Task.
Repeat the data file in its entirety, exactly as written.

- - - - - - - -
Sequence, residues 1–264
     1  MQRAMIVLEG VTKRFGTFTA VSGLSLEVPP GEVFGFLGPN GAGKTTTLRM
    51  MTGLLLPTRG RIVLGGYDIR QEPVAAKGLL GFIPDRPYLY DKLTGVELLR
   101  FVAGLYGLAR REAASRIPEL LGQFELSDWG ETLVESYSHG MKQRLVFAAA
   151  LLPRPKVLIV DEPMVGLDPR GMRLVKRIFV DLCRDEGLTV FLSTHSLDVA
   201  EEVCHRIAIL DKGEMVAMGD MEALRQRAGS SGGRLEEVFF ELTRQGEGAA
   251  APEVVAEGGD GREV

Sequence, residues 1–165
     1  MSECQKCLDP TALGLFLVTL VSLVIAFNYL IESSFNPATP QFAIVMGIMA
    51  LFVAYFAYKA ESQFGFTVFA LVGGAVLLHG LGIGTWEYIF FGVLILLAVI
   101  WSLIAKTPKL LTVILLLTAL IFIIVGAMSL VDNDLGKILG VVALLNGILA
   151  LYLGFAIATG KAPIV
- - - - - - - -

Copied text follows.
Sequence, residues 1–264
     1  MQRAMIVLEG VTKRFGTFTA VSGLSLEVPP GEVFGFLGPN GAGKTTTLRM
    51  MTGLLLPTRG RIVLGGYDIR QEPVAAKGLL GFIPDRPYLY DKLTGVELLR
   101  FVAGLYGLAR REAASRIPEL LGQFELSDWG ETLVESYSHG MKQRLVFAAA
   151  LLPRPKVLIV DEPMVGLDPR GMRLVKRIFV DLCRDEGLTV FLSTHSLDVA
   201  EEVCHRIAIL DKGEMVAMGD MEALRQRAGS SGGRLEEVFF ELTRQGEGAA
   251  APEVVAEGGD GREV

Sequence, residues 1–165
     1  MSECQKCLDP TALGLFLVTL VSLVIAFNYL IESSFNPATP QFAIVMGIMA
    51  LFVAYFAYKA ESQFGFTVFA LVGGAVLLHG LGIGTWEYIF FGVLILLAVI
   101  WSLIAKTPKL LTVILLLTAL IFIIVGAMSL VDNDLGKILG VVALLNGILA
   151  LYLGFAIATG KAPIV